Former government information office minister Cheng Wen-tsan (鄭文燦) is set to be nominated as the Democratic Progressive Party’s (DPP) candidate for the Taoyuan County commissioner election in November after winning the party’s primary, the DPP said yesterday.
Cheng, 47, defeated former DPP legislators Cheng Pao-ching (鄭寶清) and Peng Shao-chin (彭紹瑾) in a public opinion poll conducted by the party headquarters on Wednesday by a significant margin, DPP Secretary-General Lin Hsi-yao (林錫耀) told a press conference.
Details of the survey, which pitted each aspirant against Taoyuan County Commissioner John Wu (吳志揚), who is to seek re-election, would be kept confidential as per the contestants’ wishes, Lin said.
However, Lin did reveal that Cheng trailed Wu by less than 10 percentage points and could be a serious contender in the upcoming race.
In 2009, the party hastily recruited Cheng to run for the commissioner’s seat with just 58 days to go until the election and though he put up a good fight, he lost, albeit by less than 50,000 votes, or 6.5 percent of the total ballots cast.
Cheng’s nomination for this year’s contest in Taoyuan, which is to be upgraded to a special municipality later this year, will be official after the party’s Central Executive Committee approves it, Lin said.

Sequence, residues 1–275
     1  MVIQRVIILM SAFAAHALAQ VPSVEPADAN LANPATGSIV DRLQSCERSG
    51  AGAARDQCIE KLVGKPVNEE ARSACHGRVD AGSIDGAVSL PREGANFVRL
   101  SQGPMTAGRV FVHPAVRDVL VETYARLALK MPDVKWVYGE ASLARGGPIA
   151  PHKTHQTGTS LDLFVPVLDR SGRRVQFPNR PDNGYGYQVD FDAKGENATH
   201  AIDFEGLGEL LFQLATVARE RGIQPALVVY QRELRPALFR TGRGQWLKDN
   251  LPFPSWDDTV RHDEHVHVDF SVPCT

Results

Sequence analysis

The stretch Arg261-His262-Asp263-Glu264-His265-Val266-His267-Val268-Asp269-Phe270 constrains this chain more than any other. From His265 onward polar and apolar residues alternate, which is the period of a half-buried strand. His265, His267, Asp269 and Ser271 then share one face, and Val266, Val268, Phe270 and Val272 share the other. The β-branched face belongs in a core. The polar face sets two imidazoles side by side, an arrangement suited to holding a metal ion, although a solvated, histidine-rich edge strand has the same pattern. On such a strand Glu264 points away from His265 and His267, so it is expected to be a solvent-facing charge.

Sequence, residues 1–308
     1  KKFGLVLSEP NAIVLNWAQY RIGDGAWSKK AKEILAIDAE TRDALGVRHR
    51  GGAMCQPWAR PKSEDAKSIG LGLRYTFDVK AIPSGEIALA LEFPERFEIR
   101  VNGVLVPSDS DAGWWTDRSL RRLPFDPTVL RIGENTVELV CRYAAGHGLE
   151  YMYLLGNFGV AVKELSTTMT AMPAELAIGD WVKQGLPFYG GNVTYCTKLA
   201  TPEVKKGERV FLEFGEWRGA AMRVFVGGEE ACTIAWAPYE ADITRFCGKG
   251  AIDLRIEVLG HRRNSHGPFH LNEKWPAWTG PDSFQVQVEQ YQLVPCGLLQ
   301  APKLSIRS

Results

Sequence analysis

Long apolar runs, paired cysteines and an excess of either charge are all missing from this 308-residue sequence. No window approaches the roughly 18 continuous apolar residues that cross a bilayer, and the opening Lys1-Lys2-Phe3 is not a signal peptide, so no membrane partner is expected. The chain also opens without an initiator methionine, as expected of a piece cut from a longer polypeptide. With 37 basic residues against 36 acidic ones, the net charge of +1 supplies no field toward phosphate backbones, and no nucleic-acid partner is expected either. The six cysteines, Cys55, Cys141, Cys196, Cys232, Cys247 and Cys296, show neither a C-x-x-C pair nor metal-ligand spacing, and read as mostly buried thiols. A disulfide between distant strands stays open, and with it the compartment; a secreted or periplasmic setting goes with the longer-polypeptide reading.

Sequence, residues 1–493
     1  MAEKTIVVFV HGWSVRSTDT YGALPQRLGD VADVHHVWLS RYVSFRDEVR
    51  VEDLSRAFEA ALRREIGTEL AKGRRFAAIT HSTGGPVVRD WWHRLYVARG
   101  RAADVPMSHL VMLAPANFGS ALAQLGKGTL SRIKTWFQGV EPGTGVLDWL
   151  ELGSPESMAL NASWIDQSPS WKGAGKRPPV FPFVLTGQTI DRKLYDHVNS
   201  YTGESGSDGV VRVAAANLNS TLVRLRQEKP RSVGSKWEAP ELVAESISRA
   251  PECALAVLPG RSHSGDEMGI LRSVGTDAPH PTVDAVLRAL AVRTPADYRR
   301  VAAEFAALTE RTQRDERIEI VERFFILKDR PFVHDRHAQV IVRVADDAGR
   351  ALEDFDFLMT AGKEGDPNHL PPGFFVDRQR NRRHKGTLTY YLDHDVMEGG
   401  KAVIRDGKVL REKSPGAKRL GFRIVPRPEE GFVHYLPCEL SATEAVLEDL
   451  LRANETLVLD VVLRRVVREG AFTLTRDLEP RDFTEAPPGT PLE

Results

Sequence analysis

In related news, DPP Legislator Pasuya Yao (姚文智), one of the party’s four aspiring candidates for the Taipei mayoral primary, yesterday unveiled more of his campaign platform, proposing a new spatial plan that would relocate a number of government buildings in the city.
Yao, who has proposed closing Taipei International Airport (Songshan airport) and transforming it into a “grand central park,” yesterday suggested moving the Presidential Office to a site in Dazhi District (大直) originally designated for a Ministry of National Defense compound.
The area currently occupied by the Presidential Office could be transformed into a museum, he added.
Yao also proposed relocating the Legislative and the Executive Yuan compounds to the area currently occupied by the airport, saying the site is capable of housing at least 100,000 protesters, which would ease any potential impact to traffic caused by increasingly frequent mass demonstrations.
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